Local News

Report: Morphine overdose contributed to nursing home death

Posted May 7, 2010

— An excessive amount of morphine contributed to the February death of an Alzheimer's patient at a Chapel Hill nursing home, according to a medical examiner's report released late Thursday.

Nine of the approximately 25 patients in the Alzheimer's unit at Britthaven of Chapel Hill tested positive in mid-February for opiates, a class of controlled substances often used for pain management, officials said. Six of them were hospitalized, and 84-year-old Rachel Holliday, died on Feb. 16.

An autopsy wasn't performed on Holliday, but a medical examiner who reviewed her records determined that she died because of pneumonia-related asphyxiation, according to the medical examiner's report. The report lists "morphine toxicity" as a contributing factor to her death, noting that tests done at UNC Hospitals determined she had a morphine level of more than 50,000 nanograms per milliliter of urine.

Drug testing done in the military and many workplaces considers a morphine level of 2,000 nanograms per milliliter as a positive test result.

Officials have said Holliday and some of the other Alzheimer's patients who tested positive weren't supposed to be receiving any pain medication at Britthaven.

The medical examiner couldn't determine whether Holliday died because of a homicide, an accident or natural causes.

The State Bureau of Investigation and the Medicaid Investigations Unit of the state Attorney General's Office are looking into possible wrongdoing at Britthaven, at 1716 Legion Road. Details of their investigations haven't been made public yet.

A spokesman said the Kinston-based company is cooperating with the investigations.

The state Nursing Home Licensure Section sent a team of inspectors to Britthaven two days after Holliday's death to gather information about drugs administered to Alzheimer's patients there.

Britthaven tested all staff members of the Alzheimer's unit for drugs and placed them on paid leave. The tests came back negative, and the spokesman said some of the staffers have since returned to work.

Britthaven of Chapel Hill now monitors the Alzheimer's unit around the clock, and officials have replaced some medication and eliminated some dietary supplements for patients.


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  • liskm May 7, 2010

    Your best safety net when you have a loved one in these places is to visit frequently and not on a predictable schedule. ASK questions. Review care given (not given). Go to the TOP if you aren't happy. Upfront visit facilities, check out their track record.

  • scoobychk May 7, 2010

    Your county has a Geriatric/Adult Specialty Team (GAST). They go out to long term care facilities and teach staff/care givers about behavioral health care for free. You can contact your local Mental Health LME and get the contact information. This program is funded by the state to assist those who are caring for our elderly. It's a wonderful program.

  • Iconoclast May 7, 2010

    The details of this case remain to be seen. However, it is common practice by -some- nursing home employees to keep the clients under their care doped up so that they (the patients) won't bother them (the employees). This can happen because most nursing homes don't have the oversight in place to catch it. Nursing homes need better oversight of their facilities and the state needs better oversight of nursing homes. Employees caught giving opiates or sedatives (with no prescription) for the purpose of keeping their clients quiet should be prosecuted the same as dope dealers.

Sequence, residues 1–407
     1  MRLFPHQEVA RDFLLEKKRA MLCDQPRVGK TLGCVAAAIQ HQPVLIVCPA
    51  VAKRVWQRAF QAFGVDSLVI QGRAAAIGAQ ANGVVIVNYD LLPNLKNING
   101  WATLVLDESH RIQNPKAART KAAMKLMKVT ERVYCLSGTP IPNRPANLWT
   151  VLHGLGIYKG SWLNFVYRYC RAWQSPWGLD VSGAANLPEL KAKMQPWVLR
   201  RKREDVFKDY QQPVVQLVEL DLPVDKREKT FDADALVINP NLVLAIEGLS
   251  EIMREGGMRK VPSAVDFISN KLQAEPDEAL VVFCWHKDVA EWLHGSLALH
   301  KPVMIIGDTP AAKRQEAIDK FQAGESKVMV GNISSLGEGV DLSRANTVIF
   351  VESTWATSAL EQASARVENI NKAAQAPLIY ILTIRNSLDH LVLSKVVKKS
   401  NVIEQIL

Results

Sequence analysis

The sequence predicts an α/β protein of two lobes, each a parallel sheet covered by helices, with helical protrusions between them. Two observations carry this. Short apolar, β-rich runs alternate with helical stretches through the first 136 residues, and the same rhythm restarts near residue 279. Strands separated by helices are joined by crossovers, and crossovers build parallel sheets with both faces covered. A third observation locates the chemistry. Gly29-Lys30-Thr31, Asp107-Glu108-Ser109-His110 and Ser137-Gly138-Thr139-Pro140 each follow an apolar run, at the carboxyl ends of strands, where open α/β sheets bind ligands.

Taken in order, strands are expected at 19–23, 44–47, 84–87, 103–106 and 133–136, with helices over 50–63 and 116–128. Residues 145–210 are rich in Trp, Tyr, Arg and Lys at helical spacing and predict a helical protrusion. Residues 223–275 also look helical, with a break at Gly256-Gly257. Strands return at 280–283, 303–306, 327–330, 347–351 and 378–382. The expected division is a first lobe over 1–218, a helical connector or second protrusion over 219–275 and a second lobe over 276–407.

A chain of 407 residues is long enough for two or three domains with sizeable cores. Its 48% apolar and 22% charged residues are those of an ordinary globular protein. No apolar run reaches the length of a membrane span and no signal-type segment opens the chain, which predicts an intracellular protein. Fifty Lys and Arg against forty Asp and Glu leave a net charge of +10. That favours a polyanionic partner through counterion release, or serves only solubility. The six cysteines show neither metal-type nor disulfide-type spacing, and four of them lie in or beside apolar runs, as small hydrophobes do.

• gordonbabe May 7, 2010

    I went to church with Rachel and her family. This has been horrible for everyone involved. I can only hope, for the family's sake, that no "intentional" wrongdoing is found.

  • kayefivestar May 7, 2010

    my dad was in a alzheimers unit & trust me the things that go on
    they know the patient can not tell anyone whats going on since they have alzheimers. we need a law that all alzheimer units should have camera's in the rooms & hallways, so when something happens the family can see for themselves & the nursing home can have proof if they didn't do anything.

  • EasyU May 7, 2010

    See these stories a lot. Can someone (anyone) recommend a nursing home in the Triangle area that actually provides a good service to the elderly? Of the one's I've researched, they are all universally terrible.

  • Caring May 7, 2010

    So sad that someone could do this to an elderly person!

  • bathroom_monkey May 7, 2010

    UNC Hospital did the same thing to my aunt in 1980.

  • pkrbkr-4ever May 7, 2010

    For what it's worth, my mother-in-law was there last year up until her death with Alzheimer's, but not in the Alzheimer's section as she was bed ridden or in wheel chair. My opinion of this place is not very favorable. This is no surprise that something finally become exposed. Leadership there is substandard to say the least. And that's giving them more credit than I think they deserve.
    But hey that's my opinion

  • raggy831 May 7, 2010

    if she was not suppose to have pain medication it seem to me that it would not be natural causes but the nursing homes fault